There were clouds of both the literal and figurative variety hovering over the Dolphins on the opening Sunday afternoon of the 1994 season.
Nobody seemed to know what to expect of Dan Marino, seeing his first action since tearing his right Achilles tendon nearly a year prior.
At least one Dolphin knew what to make of Marino once the returns were in later that day.
“I’m telling you all to kiss his … ,” linebacker Bryan Cox told skeptics about as emphatically as Marino had performed.
It’s a day that comes to mind as the Dolphins rev up offseason training with organized team activities Tuesday, when we could get our first glimpse of quarterback Ryan Tannehill as he attempts a comeback from a second serious knee injury.
Not even the greatest optimist can expect Tannehill to come anywhere close to the magic Marino pulled off in his return: 473 yards and five touchdown passes including a dramatic late score in a 39-35 escape against New England.
If you’re wondering how NFL quarterbacks typically respond from long layoffs, the answer is often, they look more like themselves than you might expect.
Before we start exploring examples from around the NFL, some important semi-obvious disclaimers:
No two injuries are alike, just as no quarterback is like Marino. Besides, while Marino was out for about 11 months, Tannehill will have to shake off far more rust. Assuming he suits up for the opener Sept. 9 against Tennessee, it will be his first meaningful action in 637 days — 1 3/4 calendar years.
Coach Adam Gase has maintained that he believes Tannehill is “ready to go,” and the company line is that the Dolphins expect Tannehill to look like Tannehill, which is a must because this team has no proven backup.
But if Tannehill is storming out of the gate, he wouldn’t even be the second Dolphins quarterback deserving of comeback player of the year consideration. Bob Griese rebounded from a broken ankle to win two Super Bowls, remember.
Speaking of Hall of Fame-caliber QBs, we’ll begin with Tom Brady, who tore his ACL and missed all but one game of the 2008 season. He immediately went to the Pro Bowl the next year, going 10-6 and winning the AFC East. His stats were very Brady: 4,398 yards, 28 TDs, 13 interceptions and a 96.2 rating.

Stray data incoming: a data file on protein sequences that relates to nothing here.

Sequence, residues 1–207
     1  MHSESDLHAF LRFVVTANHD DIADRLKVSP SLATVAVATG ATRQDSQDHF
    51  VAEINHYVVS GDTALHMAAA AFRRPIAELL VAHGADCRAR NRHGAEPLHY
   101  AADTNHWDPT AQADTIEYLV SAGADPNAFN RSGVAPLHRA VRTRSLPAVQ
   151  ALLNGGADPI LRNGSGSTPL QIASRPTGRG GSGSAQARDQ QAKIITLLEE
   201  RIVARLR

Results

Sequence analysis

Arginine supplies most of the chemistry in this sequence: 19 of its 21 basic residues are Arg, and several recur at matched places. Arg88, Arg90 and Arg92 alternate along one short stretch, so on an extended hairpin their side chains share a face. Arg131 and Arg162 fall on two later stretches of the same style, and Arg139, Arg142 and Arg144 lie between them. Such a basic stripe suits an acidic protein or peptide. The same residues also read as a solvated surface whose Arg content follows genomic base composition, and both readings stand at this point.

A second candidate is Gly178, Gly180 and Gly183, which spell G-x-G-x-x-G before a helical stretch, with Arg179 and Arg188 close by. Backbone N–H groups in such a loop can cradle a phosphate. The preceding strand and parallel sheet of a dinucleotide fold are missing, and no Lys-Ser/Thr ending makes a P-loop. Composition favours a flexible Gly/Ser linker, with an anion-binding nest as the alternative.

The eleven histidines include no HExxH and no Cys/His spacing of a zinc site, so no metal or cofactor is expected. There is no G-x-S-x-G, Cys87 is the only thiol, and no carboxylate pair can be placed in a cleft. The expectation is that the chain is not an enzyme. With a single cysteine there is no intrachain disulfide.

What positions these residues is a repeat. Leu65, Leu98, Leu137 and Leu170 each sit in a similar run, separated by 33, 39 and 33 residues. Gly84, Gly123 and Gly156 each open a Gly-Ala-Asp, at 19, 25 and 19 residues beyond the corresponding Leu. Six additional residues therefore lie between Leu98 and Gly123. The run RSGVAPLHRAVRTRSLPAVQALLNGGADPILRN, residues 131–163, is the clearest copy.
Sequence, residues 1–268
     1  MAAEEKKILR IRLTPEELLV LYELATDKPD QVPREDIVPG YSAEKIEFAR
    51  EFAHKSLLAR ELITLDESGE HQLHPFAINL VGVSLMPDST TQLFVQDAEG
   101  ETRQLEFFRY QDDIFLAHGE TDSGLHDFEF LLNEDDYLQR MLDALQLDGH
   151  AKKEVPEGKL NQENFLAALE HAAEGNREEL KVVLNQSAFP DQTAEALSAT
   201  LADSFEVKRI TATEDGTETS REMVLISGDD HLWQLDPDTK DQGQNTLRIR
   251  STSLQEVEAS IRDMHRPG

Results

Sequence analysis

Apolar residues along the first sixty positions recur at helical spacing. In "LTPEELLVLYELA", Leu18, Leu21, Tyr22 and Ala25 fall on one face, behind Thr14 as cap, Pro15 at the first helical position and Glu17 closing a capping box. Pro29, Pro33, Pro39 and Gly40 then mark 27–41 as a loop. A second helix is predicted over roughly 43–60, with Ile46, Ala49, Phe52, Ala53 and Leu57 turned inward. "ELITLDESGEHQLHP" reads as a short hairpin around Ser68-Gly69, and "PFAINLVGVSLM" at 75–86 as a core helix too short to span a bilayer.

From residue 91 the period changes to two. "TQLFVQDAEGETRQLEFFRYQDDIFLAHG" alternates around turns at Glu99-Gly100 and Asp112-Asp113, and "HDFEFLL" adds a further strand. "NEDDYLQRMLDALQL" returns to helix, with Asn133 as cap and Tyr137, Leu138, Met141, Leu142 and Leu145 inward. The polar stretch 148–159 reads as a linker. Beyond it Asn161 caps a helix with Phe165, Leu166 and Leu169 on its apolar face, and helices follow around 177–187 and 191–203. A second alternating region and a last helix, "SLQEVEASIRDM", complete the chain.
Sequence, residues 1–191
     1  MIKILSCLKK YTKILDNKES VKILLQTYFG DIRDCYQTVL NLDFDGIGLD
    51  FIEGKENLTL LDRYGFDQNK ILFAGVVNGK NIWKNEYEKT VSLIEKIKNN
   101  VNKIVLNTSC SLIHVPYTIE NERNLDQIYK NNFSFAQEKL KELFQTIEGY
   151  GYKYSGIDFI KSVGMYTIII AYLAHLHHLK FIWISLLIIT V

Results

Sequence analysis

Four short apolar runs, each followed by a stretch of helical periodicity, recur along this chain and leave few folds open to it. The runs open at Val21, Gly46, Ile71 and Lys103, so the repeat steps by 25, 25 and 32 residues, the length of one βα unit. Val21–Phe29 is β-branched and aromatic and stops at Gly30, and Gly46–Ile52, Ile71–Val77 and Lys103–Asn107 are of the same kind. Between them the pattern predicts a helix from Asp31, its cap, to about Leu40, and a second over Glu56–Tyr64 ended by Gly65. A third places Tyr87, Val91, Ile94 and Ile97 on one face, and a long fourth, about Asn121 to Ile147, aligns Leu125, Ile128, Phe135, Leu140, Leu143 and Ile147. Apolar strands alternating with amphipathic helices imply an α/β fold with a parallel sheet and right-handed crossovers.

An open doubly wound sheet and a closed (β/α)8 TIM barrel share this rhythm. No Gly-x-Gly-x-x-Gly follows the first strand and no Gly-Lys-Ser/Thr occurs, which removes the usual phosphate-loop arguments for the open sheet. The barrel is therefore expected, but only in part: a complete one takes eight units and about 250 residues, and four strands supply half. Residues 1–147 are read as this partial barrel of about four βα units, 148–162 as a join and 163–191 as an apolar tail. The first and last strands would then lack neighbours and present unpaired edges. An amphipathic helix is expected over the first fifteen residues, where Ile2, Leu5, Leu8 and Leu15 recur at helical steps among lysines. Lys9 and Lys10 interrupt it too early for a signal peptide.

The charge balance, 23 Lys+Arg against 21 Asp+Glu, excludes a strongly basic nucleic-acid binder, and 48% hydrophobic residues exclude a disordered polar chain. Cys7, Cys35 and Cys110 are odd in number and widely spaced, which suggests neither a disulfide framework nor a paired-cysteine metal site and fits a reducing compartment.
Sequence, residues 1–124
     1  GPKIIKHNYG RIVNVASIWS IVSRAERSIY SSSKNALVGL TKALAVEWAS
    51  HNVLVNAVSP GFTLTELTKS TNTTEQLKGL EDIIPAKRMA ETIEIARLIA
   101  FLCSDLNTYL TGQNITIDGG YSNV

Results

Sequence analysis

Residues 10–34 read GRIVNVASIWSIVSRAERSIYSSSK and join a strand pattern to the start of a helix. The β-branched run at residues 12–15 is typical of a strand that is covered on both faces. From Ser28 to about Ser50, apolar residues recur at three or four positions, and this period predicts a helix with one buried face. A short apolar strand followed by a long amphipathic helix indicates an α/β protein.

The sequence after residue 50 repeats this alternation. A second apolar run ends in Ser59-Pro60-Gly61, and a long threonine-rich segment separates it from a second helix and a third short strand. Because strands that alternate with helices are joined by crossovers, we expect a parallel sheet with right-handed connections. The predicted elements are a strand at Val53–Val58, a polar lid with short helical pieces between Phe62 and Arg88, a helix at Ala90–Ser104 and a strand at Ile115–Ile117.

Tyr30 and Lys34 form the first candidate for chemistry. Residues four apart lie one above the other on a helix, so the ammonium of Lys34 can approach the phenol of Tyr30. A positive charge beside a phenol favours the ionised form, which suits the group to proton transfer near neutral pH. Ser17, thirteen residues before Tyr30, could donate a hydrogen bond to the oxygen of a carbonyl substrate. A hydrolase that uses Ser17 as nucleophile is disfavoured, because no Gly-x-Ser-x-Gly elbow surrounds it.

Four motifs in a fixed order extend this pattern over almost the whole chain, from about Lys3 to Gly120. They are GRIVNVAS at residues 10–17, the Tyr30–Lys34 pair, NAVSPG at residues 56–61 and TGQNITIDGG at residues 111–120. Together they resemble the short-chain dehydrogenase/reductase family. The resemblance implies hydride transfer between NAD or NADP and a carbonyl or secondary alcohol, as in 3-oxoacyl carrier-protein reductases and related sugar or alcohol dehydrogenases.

Green Bay’s Aaron Rodgers fractured his collarbone in 2013 but came out sizzling in ’14 with 38 TDs and only five interceptions. His passer rating was 112.2, eight points higher than his career stat, which ought to encourage Packers fans since he missed nine games last year with another collarbone injury.
Continuing on this theme of Hall of Fame QBs being a different animal altogether, Peyton Manning sat out the 2011 season because of a career-threatening neck injury. With Gase serving as his quarterback coach, Manning immediately put up back-to-back seasons of excellence both from a team perspective (13-3 both years in Denver) and personally (37 and 55 touchdown passes, triple-digit passer rating).
That’s not to say, of course, anyone is preparing a bust in Canton for Tannehill. Let’s turn to mortal passers.
Matthew Stafford played only three games of his second NFL season in 2010 because of a shoulder injury. The Lions obviously didn’t have many concerns about it in ’11, because his 663 attempts led the league. His 5,038 yards were a career high and his passer rating was among his best ever at 97.2.
Carson Palmer, a spectator with the Bengals for a dozen games in 2008 after injuring his elbow, put up more pedestrian numbers when he returned (3,094 yards, 21 TDs, 13 INTs). Ditto for Alex Smith, who missed 2008 with the 49ers because of a bum shoulder, then put up an 81.5 passer rating in ’09.
The Dolphins have to hope Tannehill doesn’t stay on the same track as Indianapolis’ Andrew Luck, who missed nine games in 2015 with a string of injuries, played well in ’16, but was back on the shelf again in 2017. Same story for Sam Bradford, who suffered two ACL tears and is now with Arizona, in the likelihood you’ve lost track amid his many travels.
For dreamers out there, that ’94 performance by Marino ranks among his best. It was typical Marino. The Dolphins were down 35-32 and facing a fourth-and-5 with three minutes left. Rather than try a 52-yard field goal from the Marlins’ infield dirt, coach Don Shula liked his chances better by putting the ball in Dan’s hands (go figure). Or maybe Dan’s eyes.
In the huddle, Marino told receiver Irving Fryar if he had one-on-one coverage, he’d be going to him, and when they got to the line of scrimmage, Marino gave him the eye that said all that needed to be said.
Thirty-five yards later, touchdown. It was a play and a day for the ages.
“I felt pretty good about what I did,” Marino said.
“Dan’s back,” Shula said.
Come Sept. 9, Dolphins fans can hope for two words coming out of Gase’s mouth:
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